A curious front-page story by Michael McKinney claimed the most prominent spot in yesterday’s Providence Journal. The topic is a series of bills currently making their way through the General Assembly that would promote businesses in the arts industry, mainly through tax breaks, specifically sales taxes. What’s peculiar is that two economists extol the breaks, and McKinney cites no opposition.
Bryant University Economics Professor Edinaldo Tebaldi says the arts “go hand in hand with this attempt to boost leisure in general.” Both he and University of Rhode Island Business Professor Edward Mazze note that start-up costs for arts companies are relatively low, and both cite the multiplier effect of tax breaks. (Tebaldi does, however, suggest that infrastructure spending would be more effective “in the long run.”) Mazze told McKinney that (in the latter’s words) “the state has to figure out what it is good at,” and arts are on the list.
In the running debate about Rhode Island’s condition, however, one increasingly hears references to the “quality of life” (location, activities, history, and so on) counterbalanced with acknowledgements that fewer and fewer Rhode Islanders are actually able to avail themselves of them. In other words, it’s well and good to emphasize the leisure economy, but an inevitable brick wall awaits if the rest of the economy doesn’t create the space for, well, leisure.
The Current followed up with Mazze, asking whether there’s some reason to think that the arts are especially desirable, as an industry, or present an unusual return on public investment. He replied that the state “already has the ‘assets’ in place for a strong arts community,” meaning factors related to culture, education, and location, as well as service firms in “arts-related” fields. Artists, he notes, are also not as prone to automation, increasing the number of employees. (A contrary argument could be made that the artists, themselves, are typically individuals, and that most of the auxiliary activities, such as printing, recording, and promulgation, are all very automated.)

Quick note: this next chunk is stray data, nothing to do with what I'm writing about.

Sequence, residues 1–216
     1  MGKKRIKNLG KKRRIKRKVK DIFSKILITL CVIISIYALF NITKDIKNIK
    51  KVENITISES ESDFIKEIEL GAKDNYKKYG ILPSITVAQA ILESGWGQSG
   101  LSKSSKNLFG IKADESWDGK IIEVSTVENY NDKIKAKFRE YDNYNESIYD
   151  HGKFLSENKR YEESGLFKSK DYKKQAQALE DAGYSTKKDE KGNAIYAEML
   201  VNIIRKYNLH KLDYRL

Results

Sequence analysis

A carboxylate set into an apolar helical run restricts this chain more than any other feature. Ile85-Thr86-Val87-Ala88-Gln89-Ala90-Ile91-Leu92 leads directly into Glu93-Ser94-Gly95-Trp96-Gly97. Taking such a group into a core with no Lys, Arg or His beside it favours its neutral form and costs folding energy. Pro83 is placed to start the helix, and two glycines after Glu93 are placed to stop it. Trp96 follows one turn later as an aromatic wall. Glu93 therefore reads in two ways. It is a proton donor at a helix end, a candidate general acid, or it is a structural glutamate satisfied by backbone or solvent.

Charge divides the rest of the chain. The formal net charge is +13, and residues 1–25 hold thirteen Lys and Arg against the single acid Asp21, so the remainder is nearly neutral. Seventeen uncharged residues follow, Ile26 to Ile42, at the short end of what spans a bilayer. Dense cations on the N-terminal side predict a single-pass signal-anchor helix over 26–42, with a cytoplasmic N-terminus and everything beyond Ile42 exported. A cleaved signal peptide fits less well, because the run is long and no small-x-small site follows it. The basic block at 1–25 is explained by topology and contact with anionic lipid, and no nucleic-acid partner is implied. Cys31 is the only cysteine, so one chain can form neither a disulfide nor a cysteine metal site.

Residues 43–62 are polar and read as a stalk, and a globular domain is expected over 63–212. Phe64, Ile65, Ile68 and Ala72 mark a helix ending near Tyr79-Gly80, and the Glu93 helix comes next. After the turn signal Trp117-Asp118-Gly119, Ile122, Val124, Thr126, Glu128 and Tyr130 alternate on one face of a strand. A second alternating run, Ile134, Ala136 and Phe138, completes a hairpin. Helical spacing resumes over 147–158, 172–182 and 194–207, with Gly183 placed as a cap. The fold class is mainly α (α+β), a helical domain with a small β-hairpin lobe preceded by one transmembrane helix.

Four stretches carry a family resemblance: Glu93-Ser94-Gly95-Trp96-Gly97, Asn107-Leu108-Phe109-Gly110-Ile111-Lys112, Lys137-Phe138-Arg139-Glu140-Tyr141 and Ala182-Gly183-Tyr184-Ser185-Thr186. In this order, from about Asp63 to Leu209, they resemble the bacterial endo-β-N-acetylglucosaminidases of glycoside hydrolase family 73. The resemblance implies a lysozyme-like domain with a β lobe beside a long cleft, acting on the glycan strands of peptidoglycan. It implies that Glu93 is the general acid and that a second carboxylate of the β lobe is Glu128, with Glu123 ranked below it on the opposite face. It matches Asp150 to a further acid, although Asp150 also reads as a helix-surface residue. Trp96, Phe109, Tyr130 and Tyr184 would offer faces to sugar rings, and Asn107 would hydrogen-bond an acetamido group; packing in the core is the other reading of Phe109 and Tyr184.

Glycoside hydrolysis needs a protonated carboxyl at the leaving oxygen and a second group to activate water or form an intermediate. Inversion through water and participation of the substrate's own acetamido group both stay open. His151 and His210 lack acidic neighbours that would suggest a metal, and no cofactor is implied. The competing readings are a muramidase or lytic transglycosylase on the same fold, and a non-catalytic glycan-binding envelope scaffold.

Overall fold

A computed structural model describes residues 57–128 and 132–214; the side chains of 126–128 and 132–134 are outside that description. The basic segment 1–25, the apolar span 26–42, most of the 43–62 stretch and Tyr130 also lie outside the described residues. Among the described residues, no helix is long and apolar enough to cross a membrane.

Still, if tax breaks are worthwhile for the arts community, are there any other lines of business that might profit the state as much with similar treatment? Mazze says there are several industries of strength, in Rhode Island, that are well suited to generate jobs, including “marine industries, distribution companies (air, land, water), leisure and hospitality, education and health.” That’s where he advises the state to focus its investments.
Such statements return the discussion to the professor’s comment to McKinney: Whom do we mean as the decision makers when we say that “the state has to figure out what it is good at”?
In the context of tax breaks and public policy, the answer would have to be political leaders and other representatives of the state’s ruling class. That approach, however, assumes that the insular community at the top of the local pyramid has an unusual talent for guiding the multibillion-dollar enterprise that is the State of Rhode Island and, moreover, has unique incentive for making the pieces work. Neither proposition is reflected in reality.
The references to start-up costs similarly give the impression of a top-down view of society that isn’t necessarily in keeping with individual experience. A carpenter, plumber, copyeditor, or data analyst who has been working at his or her trade for some time may very well be taking the step into self-employment with all of the necessary start-up costs completed. The carpenter has his tools, and the editor has her education. Neither is likely to need as much up-front capital for materials as, say, a painter. In the construction trades, materials are purchased by the client, and lumber yards are quick to extend credit for that purpose.
Whatever the case, Rhode Island would do well to extend its romantic sensibilities concerning free-spirited artists to the rest of its residents. Nobody is going to pick a better career for individual Rhode Islanders or have more incentive for their success than a citizenry with control over their own destinies. It shouldn’t be necessary to sell one’s passion to the General Assembly in order to find encouragement from the state.